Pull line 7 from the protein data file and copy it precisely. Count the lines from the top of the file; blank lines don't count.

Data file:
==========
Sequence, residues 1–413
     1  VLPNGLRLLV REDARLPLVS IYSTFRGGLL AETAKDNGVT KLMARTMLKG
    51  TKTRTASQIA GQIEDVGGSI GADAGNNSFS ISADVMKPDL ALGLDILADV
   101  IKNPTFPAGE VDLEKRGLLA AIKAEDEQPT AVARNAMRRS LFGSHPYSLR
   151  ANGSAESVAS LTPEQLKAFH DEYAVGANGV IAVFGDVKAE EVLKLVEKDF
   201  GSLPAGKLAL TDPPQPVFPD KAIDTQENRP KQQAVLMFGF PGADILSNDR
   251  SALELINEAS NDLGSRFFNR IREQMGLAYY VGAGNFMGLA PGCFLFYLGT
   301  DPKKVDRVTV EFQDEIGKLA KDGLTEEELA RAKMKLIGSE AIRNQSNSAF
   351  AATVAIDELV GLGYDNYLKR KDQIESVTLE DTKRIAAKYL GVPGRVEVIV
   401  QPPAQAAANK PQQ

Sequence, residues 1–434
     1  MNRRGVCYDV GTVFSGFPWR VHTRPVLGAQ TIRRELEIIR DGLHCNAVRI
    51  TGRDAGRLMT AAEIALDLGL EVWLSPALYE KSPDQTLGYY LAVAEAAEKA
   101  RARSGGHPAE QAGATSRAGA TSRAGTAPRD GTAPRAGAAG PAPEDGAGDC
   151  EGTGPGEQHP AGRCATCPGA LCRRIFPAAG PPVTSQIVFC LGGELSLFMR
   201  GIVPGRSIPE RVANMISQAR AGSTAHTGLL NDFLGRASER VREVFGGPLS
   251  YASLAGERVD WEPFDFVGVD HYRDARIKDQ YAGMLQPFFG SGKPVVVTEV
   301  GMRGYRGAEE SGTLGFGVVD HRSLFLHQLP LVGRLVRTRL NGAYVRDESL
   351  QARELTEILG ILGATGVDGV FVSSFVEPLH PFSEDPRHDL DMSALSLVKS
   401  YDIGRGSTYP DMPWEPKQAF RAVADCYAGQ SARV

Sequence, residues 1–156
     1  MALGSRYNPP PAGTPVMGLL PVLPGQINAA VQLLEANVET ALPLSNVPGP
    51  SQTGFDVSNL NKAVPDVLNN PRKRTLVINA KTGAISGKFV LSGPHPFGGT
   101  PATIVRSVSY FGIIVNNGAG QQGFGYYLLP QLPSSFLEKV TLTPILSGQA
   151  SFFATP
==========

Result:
   251  SALELINEAS NDLGSRFFNR IREQMGLAYY VGAGNFMGLA PGCFLFYLGT